But during the design process, “the idea of a conservatory, if you will, came to mind,” said Schoettler, the Amazon executive. “What would Kew Gardens (in London) look like if they were built today?”

The idea was to marry that to an environment where employees could work all year round.

So Amazon hired a full-time horticulturist, Ron Gagliardo, a veteran of the Atlanta Botanical Garden. He and his team have populated 40,000 square feet of greenhouse space in Woodinville with plants shared by other botanical gardens or acquired through adventurous expeditions. This giant nursery also is serving as a temporary refuge to the University of Washington plant collection while the UW builds a new greenhouse.

Thousands of plants, from coffee and cacao trees to foul-smelling corpse flowers, are arranged in rows. About 3,000 species from 30 countries are represented in the Woodinville nursery (the current plan calls for 450 species in the Spheres). Some of Gagliardo’s favorites: Licuala mattanensis, also known as the paradise palm, and the carnivorous Nepenthes, or tropical pitcher plants.

The nursery is also where the 60-foot living wall that will adorn the Spheres is being grown, piece by piece, in more than 500 panels that will be hung later on the five-story structure. Once in place, it will provide “an immersion, an instant connection to nature,” Gagliardo said.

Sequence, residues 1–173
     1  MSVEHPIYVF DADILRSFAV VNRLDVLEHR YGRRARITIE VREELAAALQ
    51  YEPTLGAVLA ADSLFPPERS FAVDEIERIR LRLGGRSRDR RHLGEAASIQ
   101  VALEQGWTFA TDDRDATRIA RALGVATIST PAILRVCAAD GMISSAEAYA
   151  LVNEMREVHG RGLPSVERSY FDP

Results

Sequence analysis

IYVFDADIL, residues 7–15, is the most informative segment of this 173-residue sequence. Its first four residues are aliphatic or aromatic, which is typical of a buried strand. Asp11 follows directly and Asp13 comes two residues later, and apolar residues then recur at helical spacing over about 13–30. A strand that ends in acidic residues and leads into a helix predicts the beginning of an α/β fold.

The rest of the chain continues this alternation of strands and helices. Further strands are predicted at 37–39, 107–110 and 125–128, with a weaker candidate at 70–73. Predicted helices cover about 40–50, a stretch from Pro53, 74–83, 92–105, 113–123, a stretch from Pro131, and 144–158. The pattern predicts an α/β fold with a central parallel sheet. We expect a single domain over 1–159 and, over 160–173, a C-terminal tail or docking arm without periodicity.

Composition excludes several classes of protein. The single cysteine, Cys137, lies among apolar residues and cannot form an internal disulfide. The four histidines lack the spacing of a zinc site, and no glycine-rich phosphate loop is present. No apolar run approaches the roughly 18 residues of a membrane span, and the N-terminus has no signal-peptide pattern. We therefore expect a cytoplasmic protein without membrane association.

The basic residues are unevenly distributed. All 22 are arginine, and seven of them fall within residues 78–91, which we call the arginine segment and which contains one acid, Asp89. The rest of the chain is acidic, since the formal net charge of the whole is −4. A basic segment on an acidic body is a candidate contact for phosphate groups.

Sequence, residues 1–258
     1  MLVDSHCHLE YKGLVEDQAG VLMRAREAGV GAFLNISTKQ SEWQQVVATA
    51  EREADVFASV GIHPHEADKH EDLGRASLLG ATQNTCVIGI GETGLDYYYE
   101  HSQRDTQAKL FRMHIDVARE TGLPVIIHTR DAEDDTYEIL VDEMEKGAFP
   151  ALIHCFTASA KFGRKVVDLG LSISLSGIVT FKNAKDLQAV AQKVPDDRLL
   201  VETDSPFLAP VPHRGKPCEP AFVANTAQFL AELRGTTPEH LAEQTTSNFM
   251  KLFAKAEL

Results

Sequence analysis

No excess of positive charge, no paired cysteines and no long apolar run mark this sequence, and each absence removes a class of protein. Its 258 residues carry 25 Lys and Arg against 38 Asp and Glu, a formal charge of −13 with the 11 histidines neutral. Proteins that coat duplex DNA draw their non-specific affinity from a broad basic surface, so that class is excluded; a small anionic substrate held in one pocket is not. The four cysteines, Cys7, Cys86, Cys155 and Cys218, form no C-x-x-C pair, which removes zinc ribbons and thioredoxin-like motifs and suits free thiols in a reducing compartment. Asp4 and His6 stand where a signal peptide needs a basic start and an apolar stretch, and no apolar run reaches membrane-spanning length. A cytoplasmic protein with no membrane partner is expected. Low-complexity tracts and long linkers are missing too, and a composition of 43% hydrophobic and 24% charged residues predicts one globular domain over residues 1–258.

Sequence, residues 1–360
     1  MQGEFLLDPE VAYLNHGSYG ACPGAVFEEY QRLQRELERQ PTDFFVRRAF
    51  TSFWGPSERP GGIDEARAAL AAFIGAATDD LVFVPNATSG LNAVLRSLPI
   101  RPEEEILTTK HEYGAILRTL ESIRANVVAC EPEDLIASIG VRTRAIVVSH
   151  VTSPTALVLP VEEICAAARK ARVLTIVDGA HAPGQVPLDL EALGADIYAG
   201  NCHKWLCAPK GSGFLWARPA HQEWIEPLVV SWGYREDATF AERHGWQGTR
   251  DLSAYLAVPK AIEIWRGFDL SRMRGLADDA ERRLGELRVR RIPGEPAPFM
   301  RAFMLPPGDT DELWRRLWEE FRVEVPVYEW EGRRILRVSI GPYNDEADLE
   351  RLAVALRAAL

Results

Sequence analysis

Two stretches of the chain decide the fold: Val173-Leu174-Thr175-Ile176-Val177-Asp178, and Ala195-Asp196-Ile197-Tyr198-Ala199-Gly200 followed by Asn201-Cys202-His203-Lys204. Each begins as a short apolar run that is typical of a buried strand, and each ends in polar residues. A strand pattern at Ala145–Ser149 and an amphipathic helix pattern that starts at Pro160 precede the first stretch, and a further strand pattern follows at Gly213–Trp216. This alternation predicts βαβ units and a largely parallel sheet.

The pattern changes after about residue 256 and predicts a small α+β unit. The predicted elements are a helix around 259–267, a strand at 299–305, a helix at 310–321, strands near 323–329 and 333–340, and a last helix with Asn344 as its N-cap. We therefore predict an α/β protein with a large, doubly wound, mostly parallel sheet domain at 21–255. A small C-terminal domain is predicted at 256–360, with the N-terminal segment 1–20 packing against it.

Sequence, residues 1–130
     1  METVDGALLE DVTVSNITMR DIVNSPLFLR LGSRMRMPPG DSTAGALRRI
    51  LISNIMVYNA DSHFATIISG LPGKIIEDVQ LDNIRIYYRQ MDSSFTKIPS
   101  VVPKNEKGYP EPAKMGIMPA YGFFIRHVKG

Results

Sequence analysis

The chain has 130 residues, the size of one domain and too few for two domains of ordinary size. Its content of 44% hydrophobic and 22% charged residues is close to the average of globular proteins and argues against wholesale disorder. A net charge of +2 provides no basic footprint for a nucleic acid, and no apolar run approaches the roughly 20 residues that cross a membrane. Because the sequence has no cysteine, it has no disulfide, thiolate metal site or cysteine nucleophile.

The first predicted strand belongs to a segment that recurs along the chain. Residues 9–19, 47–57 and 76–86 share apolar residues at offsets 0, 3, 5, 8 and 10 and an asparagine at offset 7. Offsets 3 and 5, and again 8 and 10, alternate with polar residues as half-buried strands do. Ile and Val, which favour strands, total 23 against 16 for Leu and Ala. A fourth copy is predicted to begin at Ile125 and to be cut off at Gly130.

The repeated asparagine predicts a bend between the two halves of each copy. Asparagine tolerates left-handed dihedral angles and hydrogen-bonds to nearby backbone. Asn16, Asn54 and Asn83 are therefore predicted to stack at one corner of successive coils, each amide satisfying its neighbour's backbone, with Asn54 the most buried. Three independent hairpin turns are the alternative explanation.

Role in the cityscape

Dale Alberda, a principal at NBBJ, the architectural firm in charge of the project, said Amazon brought up the idea of a conservatory. So the architects came up with several ideas, many of them traditional. But the night before one of the presentations to Amazon, Alberda had an inspiration.

“I drew a dome because we didn’t have any,” he said during a tour of the Spheres. “They immediately gravitated to that.”

It was a surprise to the city’s design review board, which previously dealt with a more square vision.

“I was a little astonished,” said Proksch, the UW professor, who sat on the review board. “This is a very sculptural, expressive building.”

From the point of view of the cityscape, the new design offered clear advantages: It was striking and interesting, much more so than many of the buildings going up around it. It’s a landmark “breaking the relentlessness of towers,” Proksch said.

But the fact that it’s in essence a private enclosure for Amazon employees could limit its impact, Proksch said.

In any case, the Spheres’ impact pales in comparison with Amazon’s decision to set its campus downtown, which has produced a real transformation of the urban landscape. “Placing a headquarters in a major city — downtown — is again, on the larger spectrum, so much more important,” she said.

Amazon says that in addition to public areas surrounding the project, the Spheres will have retail space offering the public some level of interaction with the structure. (Amazon isn’t yet saying who the retailers will be.) It will be part of the campus tours Amazon started earlier this year. Amazon is also pondering other ways to bring visitors in, such as school field trips and partnerships with the UW.

The building will also connect employees to something often missing from urban office spaces — nature. So Amazon will encourage staffers to bring lunch there, or buy it from the Sphere’s own cafeterias — or perhaps at Amazon Go, the cashier-less convenience store in the building next door. Staffers are also likely to have walking meetings and take in the view from birds-nest level above the tree canopy.

“It’s a place where employees will be proud to bring their family,” Schoettler said.